Archive for the ‘mental agility’ Category

I promise not to have bad dreams…

November 17, 2011

 

Momma was careful not to let us watch scary movies. But when King Kong came on our black & white TV one night, I couldn’t resist.  I proudly proclaimed that I was now old enough, and assured her I was not going to get bad dreams. Unfortunately she believed me. So I watched, riveted to the tiny screen as giant Kong roared and the tiny lady screamed. And in my bed that night I really tried not, but woke up screaming in terror myself at the images playing in my head. Though I was ten years old Momma finally had to sing me a lullaby to get my mind to quiet down till I could think of something else!

It was then I realized for myself how vulnerable our minds are to the power of suggestion.

TV was only black and white back then, and the programs milder.  Today with the myriad of images and thoughts bombarding our kids each day it’s easy to see why they might have trouble sleeping, ADHD, OCD, less self control and a host of other problems worse than we had back then.

How can we help our kids process input, analyze and deal with the fears and bad thoughts that come to them? How can we control the onslaught to their impressionable minds?

First: TURN OFF (the TV) or electronic media that’s putting the bad stuff in.  Then: TURN ON (Real Life) by doing positive things that help them feel empowered to control and impact their environment.

And then: TUNE IN (to what’s playing in your head, too).  Watch and listen.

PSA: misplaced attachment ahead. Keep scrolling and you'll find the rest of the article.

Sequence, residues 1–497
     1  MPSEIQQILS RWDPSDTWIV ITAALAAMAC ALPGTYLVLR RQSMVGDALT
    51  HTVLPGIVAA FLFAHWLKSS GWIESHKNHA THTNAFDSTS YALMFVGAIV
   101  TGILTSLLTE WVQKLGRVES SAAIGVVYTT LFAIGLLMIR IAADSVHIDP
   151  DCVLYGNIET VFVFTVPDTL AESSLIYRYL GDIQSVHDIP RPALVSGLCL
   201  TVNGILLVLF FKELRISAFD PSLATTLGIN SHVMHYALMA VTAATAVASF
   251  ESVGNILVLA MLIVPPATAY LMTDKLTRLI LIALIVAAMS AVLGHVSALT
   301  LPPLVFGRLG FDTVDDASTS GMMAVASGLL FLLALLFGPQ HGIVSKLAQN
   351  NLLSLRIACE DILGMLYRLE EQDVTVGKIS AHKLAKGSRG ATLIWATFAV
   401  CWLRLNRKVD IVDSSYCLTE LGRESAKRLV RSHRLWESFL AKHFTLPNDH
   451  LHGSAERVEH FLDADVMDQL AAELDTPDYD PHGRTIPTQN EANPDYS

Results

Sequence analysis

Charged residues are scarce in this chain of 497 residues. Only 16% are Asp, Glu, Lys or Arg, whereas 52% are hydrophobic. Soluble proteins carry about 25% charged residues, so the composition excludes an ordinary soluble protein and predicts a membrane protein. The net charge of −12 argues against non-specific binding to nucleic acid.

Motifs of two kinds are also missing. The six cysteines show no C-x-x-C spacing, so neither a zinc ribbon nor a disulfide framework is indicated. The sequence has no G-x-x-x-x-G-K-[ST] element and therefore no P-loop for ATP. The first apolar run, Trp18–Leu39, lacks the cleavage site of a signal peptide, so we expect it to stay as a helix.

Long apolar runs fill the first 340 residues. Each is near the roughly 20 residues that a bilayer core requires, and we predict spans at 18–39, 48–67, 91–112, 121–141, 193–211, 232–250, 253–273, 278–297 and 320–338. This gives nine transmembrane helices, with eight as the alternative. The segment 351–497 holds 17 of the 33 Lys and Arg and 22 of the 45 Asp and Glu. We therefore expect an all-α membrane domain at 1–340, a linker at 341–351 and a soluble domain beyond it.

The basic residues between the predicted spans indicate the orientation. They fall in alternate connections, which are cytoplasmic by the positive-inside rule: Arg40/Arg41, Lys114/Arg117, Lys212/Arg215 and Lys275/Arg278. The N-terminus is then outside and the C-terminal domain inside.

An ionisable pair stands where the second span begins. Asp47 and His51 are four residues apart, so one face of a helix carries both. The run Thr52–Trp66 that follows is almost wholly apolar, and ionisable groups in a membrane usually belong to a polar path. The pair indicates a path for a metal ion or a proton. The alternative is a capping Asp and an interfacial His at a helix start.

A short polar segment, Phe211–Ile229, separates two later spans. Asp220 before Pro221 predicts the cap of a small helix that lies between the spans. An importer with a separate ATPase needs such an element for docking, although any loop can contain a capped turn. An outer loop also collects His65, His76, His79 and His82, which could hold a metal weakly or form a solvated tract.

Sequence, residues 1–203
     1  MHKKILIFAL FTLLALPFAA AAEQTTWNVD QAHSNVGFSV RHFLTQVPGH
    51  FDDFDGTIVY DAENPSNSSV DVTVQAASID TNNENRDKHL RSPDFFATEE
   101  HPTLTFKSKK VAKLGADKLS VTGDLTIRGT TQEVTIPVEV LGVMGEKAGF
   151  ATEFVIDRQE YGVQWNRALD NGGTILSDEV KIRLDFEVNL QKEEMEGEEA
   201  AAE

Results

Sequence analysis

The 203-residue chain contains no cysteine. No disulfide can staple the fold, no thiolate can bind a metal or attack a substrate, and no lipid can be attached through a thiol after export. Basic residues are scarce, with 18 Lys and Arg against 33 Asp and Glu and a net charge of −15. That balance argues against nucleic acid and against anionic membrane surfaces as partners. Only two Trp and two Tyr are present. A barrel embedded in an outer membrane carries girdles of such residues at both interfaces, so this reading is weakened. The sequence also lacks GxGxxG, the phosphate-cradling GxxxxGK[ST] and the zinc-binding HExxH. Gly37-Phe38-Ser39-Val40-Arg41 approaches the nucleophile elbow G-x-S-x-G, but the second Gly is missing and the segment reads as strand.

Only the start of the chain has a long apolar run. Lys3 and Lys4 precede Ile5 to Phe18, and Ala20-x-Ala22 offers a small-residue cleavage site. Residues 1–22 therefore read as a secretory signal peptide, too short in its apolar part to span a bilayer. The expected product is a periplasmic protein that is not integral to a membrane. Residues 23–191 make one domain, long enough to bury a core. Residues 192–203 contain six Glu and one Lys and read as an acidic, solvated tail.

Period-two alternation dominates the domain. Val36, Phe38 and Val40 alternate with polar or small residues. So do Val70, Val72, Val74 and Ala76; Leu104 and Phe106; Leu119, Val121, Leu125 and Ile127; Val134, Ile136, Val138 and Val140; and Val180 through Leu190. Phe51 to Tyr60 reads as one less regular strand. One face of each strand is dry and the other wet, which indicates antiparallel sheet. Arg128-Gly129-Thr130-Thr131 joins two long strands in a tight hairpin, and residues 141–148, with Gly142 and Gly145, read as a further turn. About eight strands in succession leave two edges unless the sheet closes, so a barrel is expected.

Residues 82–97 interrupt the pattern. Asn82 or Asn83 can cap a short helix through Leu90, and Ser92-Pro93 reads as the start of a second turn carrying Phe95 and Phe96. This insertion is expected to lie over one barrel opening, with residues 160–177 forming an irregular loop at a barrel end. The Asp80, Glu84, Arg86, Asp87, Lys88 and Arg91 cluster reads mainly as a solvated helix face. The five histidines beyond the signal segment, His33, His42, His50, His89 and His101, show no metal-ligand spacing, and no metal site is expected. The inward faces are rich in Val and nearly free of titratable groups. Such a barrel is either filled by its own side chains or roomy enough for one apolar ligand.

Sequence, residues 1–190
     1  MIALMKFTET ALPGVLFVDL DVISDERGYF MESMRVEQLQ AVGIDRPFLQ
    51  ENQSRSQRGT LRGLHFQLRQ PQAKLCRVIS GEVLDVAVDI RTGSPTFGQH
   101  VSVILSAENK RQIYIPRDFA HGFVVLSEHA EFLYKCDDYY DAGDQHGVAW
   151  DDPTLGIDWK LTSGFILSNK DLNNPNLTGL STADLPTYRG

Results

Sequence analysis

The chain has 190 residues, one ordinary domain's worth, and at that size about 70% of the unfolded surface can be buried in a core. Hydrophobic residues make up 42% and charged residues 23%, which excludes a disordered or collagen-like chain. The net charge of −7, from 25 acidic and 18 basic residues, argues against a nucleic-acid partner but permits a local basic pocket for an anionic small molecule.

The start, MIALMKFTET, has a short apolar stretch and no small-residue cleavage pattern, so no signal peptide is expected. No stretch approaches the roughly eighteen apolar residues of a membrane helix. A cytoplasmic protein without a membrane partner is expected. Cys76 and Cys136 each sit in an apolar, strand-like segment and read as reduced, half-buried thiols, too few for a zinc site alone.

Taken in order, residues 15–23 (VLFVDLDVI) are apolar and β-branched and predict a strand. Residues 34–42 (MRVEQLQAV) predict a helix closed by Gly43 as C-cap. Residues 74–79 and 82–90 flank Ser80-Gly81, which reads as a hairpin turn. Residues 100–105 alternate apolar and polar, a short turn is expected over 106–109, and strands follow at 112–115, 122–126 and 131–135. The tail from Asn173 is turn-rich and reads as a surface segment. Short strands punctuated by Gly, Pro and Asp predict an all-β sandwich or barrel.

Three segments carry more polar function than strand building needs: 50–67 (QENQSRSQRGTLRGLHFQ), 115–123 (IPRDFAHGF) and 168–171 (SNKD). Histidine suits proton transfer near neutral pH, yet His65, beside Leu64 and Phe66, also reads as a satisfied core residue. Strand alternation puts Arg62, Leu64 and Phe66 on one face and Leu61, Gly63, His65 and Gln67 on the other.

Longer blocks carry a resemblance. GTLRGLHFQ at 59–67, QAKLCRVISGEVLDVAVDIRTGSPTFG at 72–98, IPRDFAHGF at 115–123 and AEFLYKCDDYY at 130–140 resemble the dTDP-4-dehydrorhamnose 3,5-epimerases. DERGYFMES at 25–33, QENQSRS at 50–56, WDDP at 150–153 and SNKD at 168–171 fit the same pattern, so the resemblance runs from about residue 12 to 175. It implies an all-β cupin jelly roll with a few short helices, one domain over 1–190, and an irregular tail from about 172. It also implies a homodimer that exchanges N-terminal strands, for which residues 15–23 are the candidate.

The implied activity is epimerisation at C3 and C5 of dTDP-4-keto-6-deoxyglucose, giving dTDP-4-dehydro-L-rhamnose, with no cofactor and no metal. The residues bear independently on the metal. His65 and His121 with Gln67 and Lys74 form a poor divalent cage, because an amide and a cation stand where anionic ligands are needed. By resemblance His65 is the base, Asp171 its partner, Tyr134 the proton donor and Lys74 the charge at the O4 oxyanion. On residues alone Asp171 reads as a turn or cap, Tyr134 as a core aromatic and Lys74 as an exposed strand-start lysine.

If you don’t like what you find there, ‘Change the channel’ by putting something good in it’s place.  Nice music. Happy thoughts. You’re in charge now. Don’t let the TV be the boss of you.

And by all means don’t listen to your kids if they say they are ‘old enough’!

I’m still not old enough to watch some of the things on TV today!

Thanks for paying attention to what’s in YOUR head,

Ruth Elliott

Director, Edu Designs

director@edudesigns.org

PS – There are gazillion things to do besides TV and video games. Make something with your hands, draw a picture, paint, build something, clean up the mess after your creative explorations, learn to play an instrument, cook, stare at the clouds, read, pet the cat, watch the plants grow, etc…

Tell me some of your ideas. I’ll add them to my list!  Email me!

By the way – Are you on Facebook? Check out the story on our page about the little boy who was inspired by my art textbook to draw an award winning picture for a soldier and gave it to him this Veteran’s Day!

GoMommyGO is proud to partner with Edu Designs, a CA Non Profit 501 (c) 3 Corporation. All donations are Tax Deductible as allowed by law. Tax  ID # 26-1576531
Edu Designs makes careful use of your support! We don’t use a single cent of your gifts for salaries – 100% goes to programs to help children

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What to do with the Terrible TWO’s!

August 12, 2011

Jeanette recently emailed me with a problem:

“I am really eager to use the chart for my 2 1/2 yr old. When my son is not able to do something for his own self he gets mad and throws the item (toy) Is there a a visual that can teach him not to throw his toys when frustrated and instead ask for help in a nice voice instead of screaming?”